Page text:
Different Working Styles - Deepstash

Different Working Styles

Team members have all kinds of working styles, from the quiet introverted ones to the aggressive, loud ones. Keeping the various types of people happily working together is a challenge for any manager.

A Leader can facilitate working together by:

  1. Creating personalised instruction manuals about work preferences, feedback preferences, availability hours and other details of the entire team.
  2. Finding out the strengths of the employee and providing them engaging work that lets them make use of their skills.

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An Ideal Workplace And The Need For Conflict

In an ideal workplace, teams would work together in harmony, celebrate each other’s accomplishments and support each other, while spending quality time together. The reality is that 85 percent of employees across levels report conflicts at the workplace.

The Team leader plays a great role in controlling conflict, but needs to understand that not all conflict is bad. Conflict fuels change, and is necessary for emotional, intellectual and moral growth of the team members.

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According to a survey, all employees have been annoyed by some coworker/team member. People with different personalities often gravitate towards hating others who are not their type or annoy them for reasons personal to them.

As a leader, you need to:

  1. Talk to each team member and find common ground, leading to a possible solution.
  2. Lead by example and show your employees that you practice what you preach.
  3. Set boundaries and demonstrate what kind of conduct is not acceptable.

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Sometimes there are workload issues, bottlenecks and mismanagement of information, leading to missed deadlines and lost productivity. 

The leader can:

  1. Seek regular feedback, making each meeting a productive time to uncover bottlenecks and roadblocks.
  2. Use the right kind of tools, suggested by employees themselves, to work efficiently.
  3. Use the ‘five whys’ technique where one moves towards first principles, addressing the real problem. Ask ‘why’ five consecutive times to get to the root cause of the problem.

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Some team members start to become envious if others get promoted instead of them. This can breed toxicity in the workplace.

A leader can minimize damage by:

  1. Find out other growth opportunities for the disheartened employees like making them in charge of new projects, committees and special events.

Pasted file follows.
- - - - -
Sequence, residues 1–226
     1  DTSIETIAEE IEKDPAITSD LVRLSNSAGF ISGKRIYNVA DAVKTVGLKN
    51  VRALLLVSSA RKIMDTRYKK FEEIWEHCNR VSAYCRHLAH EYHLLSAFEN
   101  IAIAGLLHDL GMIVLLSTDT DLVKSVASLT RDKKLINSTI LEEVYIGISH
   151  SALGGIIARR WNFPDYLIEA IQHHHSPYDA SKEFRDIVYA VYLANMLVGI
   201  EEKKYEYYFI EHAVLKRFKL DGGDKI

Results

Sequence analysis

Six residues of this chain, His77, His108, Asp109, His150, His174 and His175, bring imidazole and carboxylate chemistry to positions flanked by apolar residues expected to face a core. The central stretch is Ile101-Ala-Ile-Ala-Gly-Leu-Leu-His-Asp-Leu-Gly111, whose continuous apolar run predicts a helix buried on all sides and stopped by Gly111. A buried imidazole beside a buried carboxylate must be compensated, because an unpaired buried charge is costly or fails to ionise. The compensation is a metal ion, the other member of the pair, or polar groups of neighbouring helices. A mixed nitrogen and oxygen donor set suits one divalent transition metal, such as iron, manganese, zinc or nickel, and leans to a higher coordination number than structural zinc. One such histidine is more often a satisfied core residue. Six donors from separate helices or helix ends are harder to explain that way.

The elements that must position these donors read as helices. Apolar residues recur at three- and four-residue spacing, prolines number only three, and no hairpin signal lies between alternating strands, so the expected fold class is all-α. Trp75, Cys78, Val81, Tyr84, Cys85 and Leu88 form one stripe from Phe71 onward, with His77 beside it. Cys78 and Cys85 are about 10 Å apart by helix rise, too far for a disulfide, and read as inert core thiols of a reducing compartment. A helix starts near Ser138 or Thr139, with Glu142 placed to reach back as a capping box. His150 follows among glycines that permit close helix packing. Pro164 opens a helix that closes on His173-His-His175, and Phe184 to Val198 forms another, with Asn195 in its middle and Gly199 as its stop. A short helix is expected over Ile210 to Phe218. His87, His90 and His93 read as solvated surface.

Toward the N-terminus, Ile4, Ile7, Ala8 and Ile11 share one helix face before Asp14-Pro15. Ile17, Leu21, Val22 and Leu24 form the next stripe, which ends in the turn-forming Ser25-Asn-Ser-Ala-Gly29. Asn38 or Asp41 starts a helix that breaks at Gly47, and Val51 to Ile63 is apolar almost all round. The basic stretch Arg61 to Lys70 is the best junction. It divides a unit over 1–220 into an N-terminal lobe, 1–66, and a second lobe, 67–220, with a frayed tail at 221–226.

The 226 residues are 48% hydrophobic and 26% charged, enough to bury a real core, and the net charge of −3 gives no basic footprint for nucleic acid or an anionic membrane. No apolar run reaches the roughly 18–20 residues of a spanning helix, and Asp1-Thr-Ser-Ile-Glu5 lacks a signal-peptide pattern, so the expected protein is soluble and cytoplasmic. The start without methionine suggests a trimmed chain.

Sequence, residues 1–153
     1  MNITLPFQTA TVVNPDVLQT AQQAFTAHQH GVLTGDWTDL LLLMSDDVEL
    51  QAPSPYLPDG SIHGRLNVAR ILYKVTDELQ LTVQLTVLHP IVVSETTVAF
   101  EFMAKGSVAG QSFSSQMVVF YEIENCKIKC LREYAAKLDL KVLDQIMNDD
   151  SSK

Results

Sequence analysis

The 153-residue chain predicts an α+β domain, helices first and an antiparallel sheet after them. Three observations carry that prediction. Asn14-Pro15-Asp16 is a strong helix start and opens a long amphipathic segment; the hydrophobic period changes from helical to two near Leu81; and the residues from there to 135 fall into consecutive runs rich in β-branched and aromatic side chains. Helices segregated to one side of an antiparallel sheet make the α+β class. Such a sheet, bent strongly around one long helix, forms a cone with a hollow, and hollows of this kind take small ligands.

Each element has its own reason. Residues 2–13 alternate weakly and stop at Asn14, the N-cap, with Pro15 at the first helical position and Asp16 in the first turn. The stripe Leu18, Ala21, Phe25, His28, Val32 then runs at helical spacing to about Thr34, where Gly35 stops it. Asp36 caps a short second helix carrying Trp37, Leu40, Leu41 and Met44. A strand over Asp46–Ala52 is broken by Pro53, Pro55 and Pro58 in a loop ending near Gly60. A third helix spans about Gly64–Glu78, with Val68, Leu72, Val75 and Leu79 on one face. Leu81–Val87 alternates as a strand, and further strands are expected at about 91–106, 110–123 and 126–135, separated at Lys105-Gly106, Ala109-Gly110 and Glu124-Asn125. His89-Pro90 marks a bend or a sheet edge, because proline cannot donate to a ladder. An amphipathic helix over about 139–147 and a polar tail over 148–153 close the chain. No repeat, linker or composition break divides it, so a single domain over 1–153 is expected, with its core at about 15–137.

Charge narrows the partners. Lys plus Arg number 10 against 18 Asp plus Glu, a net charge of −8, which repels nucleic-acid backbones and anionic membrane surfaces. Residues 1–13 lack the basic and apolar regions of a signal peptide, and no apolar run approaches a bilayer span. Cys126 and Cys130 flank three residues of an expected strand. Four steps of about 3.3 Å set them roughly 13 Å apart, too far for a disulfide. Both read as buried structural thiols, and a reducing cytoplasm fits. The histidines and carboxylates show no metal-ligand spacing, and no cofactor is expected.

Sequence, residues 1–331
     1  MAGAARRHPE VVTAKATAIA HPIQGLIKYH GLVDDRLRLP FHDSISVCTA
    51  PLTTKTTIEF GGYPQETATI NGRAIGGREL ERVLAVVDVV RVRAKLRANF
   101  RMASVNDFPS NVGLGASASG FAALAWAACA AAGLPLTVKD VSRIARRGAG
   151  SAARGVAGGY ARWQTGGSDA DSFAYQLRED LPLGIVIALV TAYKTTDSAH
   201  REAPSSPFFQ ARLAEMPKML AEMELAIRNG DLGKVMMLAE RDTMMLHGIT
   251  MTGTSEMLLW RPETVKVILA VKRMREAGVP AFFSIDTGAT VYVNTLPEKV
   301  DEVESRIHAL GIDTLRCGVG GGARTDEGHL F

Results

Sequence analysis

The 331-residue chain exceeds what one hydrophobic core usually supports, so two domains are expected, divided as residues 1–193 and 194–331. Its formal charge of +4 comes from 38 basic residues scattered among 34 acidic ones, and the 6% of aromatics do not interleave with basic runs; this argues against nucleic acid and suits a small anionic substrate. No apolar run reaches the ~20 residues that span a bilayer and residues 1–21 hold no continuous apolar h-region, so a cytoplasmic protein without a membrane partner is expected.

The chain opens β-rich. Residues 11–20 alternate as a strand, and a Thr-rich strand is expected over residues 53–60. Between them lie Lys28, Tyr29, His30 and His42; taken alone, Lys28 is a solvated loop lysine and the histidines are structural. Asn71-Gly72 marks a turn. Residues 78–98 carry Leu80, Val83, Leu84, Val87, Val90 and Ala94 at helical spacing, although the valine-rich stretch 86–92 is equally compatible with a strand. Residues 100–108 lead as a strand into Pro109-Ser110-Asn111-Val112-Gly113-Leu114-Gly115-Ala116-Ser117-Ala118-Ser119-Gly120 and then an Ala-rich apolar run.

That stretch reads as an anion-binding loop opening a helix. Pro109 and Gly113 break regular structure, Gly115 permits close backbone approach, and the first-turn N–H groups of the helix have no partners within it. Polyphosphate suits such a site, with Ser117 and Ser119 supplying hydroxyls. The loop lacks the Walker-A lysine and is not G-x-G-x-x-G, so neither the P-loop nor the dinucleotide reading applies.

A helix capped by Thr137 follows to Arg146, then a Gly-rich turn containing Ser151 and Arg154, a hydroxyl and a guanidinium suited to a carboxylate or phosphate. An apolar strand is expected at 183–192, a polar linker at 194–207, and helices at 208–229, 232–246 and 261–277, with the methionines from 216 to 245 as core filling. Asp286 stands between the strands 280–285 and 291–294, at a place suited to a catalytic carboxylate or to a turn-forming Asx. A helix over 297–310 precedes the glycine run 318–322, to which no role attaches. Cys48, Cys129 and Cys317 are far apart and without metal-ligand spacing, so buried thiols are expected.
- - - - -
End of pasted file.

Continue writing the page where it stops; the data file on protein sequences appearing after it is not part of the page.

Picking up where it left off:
2. Instead of letting the other employees find out through company-wide emails, tell them yourself.
  3. Keep a close eye on team interactions and address any problems that arise.

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How To Handle Personality Conflicts At Work

A clash of personalities is most likely at the root of these conflicts. Despite our best efforts, we sometimes just can’t seem to make it work.

The unfortunate result is that the quality and enjoyment of our work suffers, and our stress levels skyrocket. In most cases when personality conflicts happen in the workplace, the entire team is disrupted as well.

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Communication during stressful times

Uncertainty has a way to reveal everyone's strengths and weaknesses. During drastic uncertainty, employees will seek more information in order to achieve a sense of certainty. During this unstable time, you'll discover the true quality of your team's communication skills. If you team is arguing, productivity is lagging.

Discovering each member's communication preferences will enable you to determine the best way forward.

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An Overwhelmed Team

While a manager expects and assumes the team to be top-notch in their work, completing projects like there is no tomorrow, the reality of workers is quite different. More than half of the workforce is overwhelmed and maxed-out, according to a survey.

A manager cannot pretend everything is hunky-dory and has to recognize the problem and provide solutions.

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